When it comes to video game consoles, Nintendo (OTC BB: NTDOY.PK) doesn't seem to get a whole lot of play these days. While it continues to dominate the portable gaming market with its addictive Nintendo DS, it has fallen behind market-leader Sony (NYSE:SNE) and distant silver-medalist Microsoft (NASDAQ:MSFT) in the sector it once dominated.

Yesterday, Nintendo revealed the name for its next-generation console. What was once known as the Nintendo Revolution is now simply Wii, pronounced "we." The company claims that the "ii" in the name represents the system's pair of slender, motion-sensing handheld controllers.

That's probably right, but I'm guessing that Nintendo won't mind that the Wii is just one failing letter grade away from being spelled "Wi-Fi." Web-based interactivity has become a major component of Nintendo's latest Nintendo DS games. My home has at least two DS systems at the ready, because many of Nintendo's recent games, like Tetris, Nintendogs, and Mario Kart Racing, let players compete against one another over a wireless home network connection. In most cases, you need only one game cartridge for both players to play in the same game.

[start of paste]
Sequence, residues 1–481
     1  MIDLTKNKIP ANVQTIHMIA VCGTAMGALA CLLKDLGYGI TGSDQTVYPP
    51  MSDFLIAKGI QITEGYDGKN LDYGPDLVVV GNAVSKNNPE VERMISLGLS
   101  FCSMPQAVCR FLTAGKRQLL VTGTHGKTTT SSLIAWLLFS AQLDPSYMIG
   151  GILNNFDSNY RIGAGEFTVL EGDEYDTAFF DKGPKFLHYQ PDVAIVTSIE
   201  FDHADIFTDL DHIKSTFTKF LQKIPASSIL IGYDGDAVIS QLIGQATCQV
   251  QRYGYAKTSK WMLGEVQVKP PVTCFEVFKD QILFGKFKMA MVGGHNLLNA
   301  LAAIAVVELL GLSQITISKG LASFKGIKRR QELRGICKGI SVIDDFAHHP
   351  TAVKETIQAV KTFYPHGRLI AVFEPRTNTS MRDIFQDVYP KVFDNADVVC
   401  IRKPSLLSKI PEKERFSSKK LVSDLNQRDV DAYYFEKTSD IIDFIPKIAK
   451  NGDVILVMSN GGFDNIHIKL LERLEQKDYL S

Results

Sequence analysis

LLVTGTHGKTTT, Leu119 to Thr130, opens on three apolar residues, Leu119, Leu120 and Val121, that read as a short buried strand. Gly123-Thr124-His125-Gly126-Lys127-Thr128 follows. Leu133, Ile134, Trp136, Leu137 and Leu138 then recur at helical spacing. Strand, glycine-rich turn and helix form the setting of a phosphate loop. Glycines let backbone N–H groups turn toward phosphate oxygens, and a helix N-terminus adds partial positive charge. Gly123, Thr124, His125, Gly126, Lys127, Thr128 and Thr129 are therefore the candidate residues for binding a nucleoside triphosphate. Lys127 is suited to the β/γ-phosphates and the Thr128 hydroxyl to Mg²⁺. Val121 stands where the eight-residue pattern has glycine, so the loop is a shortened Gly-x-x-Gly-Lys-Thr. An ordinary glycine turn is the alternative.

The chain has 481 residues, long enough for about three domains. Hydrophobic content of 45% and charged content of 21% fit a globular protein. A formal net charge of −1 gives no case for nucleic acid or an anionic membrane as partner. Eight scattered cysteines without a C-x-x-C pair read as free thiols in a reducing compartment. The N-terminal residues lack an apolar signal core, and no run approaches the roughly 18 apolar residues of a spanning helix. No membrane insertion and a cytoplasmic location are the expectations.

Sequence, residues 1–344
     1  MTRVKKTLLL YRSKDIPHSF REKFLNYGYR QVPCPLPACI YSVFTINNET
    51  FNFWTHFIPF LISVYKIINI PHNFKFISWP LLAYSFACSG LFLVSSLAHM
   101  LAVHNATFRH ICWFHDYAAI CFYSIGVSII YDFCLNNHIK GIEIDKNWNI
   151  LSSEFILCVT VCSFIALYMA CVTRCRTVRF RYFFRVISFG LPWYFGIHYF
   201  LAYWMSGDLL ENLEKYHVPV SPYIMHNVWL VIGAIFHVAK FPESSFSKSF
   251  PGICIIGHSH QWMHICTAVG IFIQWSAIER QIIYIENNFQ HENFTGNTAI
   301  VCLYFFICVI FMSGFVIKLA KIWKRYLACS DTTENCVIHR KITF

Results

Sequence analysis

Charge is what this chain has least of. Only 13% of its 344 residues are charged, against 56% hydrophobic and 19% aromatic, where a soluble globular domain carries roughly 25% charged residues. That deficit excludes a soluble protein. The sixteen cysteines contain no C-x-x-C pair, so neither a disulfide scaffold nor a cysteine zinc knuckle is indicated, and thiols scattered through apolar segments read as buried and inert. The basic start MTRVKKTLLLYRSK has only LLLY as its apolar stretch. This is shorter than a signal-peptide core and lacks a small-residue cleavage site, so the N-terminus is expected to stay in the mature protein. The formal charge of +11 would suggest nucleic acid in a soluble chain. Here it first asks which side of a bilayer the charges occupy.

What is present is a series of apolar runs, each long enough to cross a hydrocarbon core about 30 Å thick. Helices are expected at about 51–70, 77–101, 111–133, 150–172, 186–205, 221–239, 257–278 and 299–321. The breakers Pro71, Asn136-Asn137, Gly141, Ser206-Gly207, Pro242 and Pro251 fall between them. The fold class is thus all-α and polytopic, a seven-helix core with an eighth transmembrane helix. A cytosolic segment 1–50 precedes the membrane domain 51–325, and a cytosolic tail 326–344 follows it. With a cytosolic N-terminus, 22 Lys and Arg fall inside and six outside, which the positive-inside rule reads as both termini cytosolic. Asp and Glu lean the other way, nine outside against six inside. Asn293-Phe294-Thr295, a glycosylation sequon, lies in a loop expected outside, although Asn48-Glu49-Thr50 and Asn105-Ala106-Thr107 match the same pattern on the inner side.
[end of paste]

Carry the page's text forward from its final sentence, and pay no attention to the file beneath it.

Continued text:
Wii will have an uphill battle. Nintendo's rich library of proprietary characters, including Mario, Link, Samus Aran, and Donkey Kong, didn't help improve the company's market share with its previous-generation GameCube. It will now be hitting the market at least a year after the introduction of the Xbox 360. At least Sony's PlayStation 3 has assured itself a robust upgrade market, thanks to its installed PlayStation 2 base in the tens of millions.

The public wouldn't mind a success, since retailers like GameStop (NYSE:GME) and software developers like Electronic Arts (NASDAQ:ERTS) rely way too much on Sony's success. The PlayStation 3's delayed release has dealt a fiscal blow to software publishers, and even to Gamespot.com parent CNET Networks (NASDAQ:CNET). A big hit from a non-Sony company, especially one with mold-busting aspirations like the Wii, could really shake up the video game industry for the better.

Will Nintendo deliver? Wii can certainly hope so.

Microsoft is an Inside Value recommendation. CNET is a current Rule Breakers pick. Gamestop and EA are both Motley Fool Stock Advisor selections.

Longtime Fool contributor Rick Munarriz is an equal-opportunity gamer. He has gaming consoles from all the three companies in his home. He does not own shares in any of the companies mentioned in this story. The Fool has a disclosure policy. He is also part of the Rule Breakers newsletter research team, seeking out tomorrow's ultimate growth stocks a day early.